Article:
Kolm says the earlier you can get the patient groups involved the better, citing an example of a client who wanted to develop an app. “The company started collecting ideas and designs from community leaders through a Truvio study, a patient insight panel, and got some idea of what are some of the white spaces, what are some of the barriers, what are some of the needs,” he says. “Then a couple of months later they went back to that same group and put the draft, the concept, of the app they were designing in front of them and the feedback was incredible. They hit the nail on the head insofar as the client really did listen and reflected that in what they designed. And the community leaders were amazed that not only were they tapped early on but also what they said was actually heard and applied.”

The uncertainty regarding the regulatory environment—and the absence for several years of any FDA digital guidance—put the brakes on pharma's digital train over the years and it was often cited as a reason for abstinence. However, Mark Bard, CEO at Digital Insights Group and co-founder of Digital Health ­Coalition, believes many in big pharma simply weren't cut out for courageous plays like social media. “If you said to them, ‘If you could do anything you want in social media, what would you do?' ” he says, “most of them are still not going to go crazy.”

Bard points out that while regulatory is still an ­issue in social, there's no longer a gray area. “If you want to do it, you can do it.” He says the most recent set of FDA guidance on risk information for Twitter wasn't a surprise, but adds, “If you think you can get that into 140 characters, good luck with it.”


Six takes on wearables

There's a lot of dazzling. And I'm happy to see them buying their way into trials. The number of wearables and different uses at CES was inspiring. But there's going to have to be some consolidation. Also, so much of the experience is a little bit edu-tainment or hyper-fitness related. Give me that chronic disease patient in Middle America and apply the technology there. Find ways to improve their lives. Give them a more accessible experience. That's the revolution.  —Will Reese, Cadient Group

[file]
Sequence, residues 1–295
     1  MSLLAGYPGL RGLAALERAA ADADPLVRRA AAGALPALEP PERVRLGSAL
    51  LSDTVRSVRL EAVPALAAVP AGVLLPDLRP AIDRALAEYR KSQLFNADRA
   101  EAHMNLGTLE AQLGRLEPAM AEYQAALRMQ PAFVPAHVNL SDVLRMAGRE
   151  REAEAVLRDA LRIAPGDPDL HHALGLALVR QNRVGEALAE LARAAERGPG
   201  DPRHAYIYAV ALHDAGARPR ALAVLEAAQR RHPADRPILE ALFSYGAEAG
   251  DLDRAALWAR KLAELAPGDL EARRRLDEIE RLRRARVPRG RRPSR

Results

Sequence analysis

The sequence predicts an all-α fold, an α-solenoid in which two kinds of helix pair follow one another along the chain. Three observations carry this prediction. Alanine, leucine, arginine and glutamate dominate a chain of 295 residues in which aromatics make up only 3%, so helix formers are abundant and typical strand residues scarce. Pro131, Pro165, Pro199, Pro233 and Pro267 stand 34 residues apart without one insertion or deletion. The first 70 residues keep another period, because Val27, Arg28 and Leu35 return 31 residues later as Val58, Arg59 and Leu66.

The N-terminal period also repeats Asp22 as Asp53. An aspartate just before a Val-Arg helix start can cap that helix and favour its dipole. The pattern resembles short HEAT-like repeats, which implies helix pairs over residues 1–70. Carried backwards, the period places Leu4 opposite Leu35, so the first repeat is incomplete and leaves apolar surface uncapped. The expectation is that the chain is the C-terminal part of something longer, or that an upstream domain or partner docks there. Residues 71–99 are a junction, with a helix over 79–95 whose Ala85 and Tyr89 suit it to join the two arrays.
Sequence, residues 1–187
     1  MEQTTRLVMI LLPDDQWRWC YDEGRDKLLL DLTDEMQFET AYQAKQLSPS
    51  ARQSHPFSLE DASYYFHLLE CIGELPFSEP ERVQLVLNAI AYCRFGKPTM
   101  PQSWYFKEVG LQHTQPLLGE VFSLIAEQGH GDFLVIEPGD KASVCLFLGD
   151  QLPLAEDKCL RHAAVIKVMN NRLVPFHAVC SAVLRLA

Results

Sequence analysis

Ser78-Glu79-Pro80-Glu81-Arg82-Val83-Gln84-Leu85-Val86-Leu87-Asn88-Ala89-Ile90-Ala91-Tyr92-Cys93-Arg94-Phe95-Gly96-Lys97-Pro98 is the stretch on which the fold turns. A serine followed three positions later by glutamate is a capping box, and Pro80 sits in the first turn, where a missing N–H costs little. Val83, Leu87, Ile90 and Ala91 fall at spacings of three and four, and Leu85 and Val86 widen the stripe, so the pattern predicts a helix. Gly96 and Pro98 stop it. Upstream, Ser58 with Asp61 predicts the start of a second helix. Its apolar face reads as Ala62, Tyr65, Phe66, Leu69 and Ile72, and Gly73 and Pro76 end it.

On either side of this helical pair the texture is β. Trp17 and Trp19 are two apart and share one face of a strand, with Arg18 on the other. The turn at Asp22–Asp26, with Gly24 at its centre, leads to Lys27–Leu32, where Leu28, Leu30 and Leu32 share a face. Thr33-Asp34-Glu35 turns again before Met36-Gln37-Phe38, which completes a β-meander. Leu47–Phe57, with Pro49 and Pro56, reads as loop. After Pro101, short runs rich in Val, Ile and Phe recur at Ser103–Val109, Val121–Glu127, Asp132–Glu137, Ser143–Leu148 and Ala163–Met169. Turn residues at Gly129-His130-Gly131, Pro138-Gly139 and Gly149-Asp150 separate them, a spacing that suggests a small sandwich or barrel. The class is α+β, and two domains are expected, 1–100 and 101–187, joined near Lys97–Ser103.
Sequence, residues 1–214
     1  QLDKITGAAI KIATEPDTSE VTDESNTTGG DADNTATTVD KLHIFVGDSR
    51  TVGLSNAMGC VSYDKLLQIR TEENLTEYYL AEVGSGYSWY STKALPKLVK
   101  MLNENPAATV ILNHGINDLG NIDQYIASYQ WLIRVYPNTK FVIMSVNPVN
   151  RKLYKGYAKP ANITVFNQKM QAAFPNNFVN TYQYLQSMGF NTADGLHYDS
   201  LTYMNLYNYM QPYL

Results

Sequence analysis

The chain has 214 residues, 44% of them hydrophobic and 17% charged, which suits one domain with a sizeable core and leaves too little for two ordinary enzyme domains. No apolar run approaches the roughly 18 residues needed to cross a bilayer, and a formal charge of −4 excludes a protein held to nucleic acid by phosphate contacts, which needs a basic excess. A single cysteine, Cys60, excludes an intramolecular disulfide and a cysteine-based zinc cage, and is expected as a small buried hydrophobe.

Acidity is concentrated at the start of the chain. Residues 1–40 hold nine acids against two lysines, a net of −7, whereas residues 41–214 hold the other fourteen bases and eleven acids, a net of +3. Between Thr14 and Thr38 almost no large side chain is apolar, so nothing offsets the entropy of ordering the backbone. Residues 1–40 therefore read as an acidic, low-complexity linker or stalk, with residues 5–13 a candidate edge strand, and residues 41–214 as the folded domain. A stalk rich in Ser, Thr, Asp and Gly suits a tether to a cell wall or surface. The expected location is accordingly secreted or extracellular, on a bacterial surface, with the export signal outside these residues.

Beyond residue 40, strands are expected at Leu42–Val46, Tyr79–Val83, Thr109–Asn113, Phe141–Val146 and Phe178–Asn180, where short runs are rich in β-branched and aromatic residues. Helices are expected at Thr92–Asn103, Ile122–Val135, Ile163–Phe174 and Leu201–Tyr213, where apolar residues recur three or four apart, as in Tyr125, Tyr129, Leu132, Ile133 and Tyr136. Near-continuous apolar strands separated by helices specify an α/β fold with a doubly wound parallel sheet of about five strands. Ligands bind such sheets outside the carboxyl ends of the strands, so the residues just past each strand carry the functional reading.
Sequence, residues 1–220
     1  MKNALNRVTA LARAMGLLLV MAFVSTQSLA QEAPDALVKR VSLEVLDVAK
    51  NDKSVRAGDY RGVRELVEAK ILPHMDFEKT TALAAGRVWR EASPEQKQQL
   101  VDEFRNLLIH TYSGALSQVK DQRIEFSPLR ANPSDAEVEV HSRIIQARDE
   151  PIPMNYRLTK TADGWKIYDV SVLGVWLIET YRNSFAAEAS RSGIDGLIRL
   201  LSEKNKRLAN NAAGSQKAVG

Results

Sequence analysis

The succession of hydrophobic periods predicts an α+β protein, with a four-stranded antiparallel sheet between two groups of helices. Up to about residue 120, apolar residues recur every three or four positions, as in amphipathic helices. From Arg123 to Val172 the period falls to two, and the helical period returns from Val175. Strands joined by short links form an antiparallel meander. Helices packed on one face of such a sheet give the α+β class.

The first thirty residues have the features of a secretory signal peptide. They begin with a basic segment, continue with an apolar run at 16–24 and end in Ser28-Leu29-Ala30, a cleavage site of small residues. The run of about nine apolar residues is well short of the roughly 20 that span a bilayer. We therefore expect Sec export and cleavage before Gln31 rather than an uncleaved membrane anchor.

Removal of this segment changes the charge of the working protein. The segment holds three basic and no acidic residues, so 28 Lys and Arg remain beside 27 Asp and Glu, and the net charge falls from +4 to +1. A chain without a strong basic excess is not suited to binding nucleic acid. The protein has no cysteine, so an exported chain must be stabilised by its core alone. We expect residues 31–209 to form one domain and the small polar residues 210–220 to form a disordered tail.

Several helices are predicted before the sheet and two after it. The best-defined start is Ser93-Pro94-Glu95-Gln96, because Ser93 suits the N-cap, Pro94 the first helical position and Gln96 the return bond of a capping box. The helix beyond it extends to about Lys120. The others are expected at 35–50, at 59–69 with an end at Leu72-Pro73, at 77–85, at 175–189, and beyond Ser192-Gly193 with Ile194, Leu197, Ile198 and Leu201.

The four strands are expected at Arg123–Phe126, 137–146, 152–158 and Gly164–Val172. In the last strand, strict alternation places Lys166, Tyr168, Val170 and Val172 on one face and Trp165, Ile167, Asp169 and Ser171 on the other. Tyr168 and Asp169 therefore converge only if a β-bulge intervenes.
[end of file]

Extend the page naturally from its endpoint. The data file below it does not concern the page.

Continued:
As a behavioral scientist, I just have so much trouble with wearables. It may make people more engaged, and it's going to change outcomes … but I think you have a better shot of using a smartphone and a smart system. Wearables on their own is not going to solve any one problem.  —Monique Levy, Manhattan Research

You can monitor your heart, measure your steps … well, that's all nice, but it's not really all that meaningful. When we start to pick up the three, or five, or ten things that really matter, that's the sort of helpful data we can really sort through.  —David Blair, Google

I'm not confident that we'll see dramatic progress in the next 12 months. A world where all of our health devices and data speak to one another seamlessly is possible. But realistically, that world is more than one year away.  —Wendy Blackburn, Intouch Solutions

Wearables are phenomenal. They are powerful motivators and provide access to hidden truths. The challenge is going to be privacy in terms of where pharma can play a role. Who owns this data? Who has access to this data? Is it ever identifiable to you? It's a risk for industry to play here until that's cleared up. But it's also a risk not to.  —Todd Kolm, WEGO Health

They are cool and give you some kind of insight into the future, but where does pharma fit in? Say you make a product for heart disease: How do you plug into that stream? I do think it will change the way people discuss conditions with the physician. But I don't see pharma getting access to the data.  —Mark Bard, Digital Insights Group and DHC